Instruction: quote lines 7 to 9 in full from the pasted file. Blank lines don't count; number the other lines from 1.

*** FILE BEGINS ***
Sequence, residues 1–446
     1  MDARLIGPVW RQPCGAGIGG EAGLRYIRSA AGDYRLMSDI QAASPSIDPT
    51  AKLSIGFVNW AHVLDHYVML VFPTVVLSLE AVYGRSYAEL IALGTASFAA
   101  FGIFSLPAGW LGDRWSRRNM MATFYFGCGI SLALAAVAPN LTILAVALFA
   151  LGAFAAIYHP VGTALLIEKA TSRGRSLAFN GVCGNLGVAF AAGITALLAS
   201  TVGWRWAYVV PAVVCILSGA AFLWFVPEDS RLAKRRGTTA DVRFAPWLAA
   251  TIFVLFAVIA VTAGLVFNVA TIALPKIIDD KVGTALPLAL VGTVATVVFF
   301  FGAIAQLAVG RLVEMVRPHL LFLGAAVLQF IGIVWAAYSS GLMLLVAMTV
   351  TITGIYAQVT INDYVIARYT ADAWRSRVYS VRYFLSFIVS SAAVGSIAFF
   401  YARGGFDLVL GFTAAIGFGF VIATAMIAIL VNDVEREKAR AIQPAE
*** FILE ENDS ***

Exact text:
   251  TIFVLFAVIA VTAGLVFNVA TIALPKIIDD KVGTALPLAL VGTVATVVFF
   301  FGAIAQLAVG RLVEMVRPHL LFLGAAVLQF IGIVWAAYSS GLMLLVAMTV
   351  TITGIYAQVT INDYVIARYT ADAWRSRVYS VRYFLSFIVS SAAVGSIAFF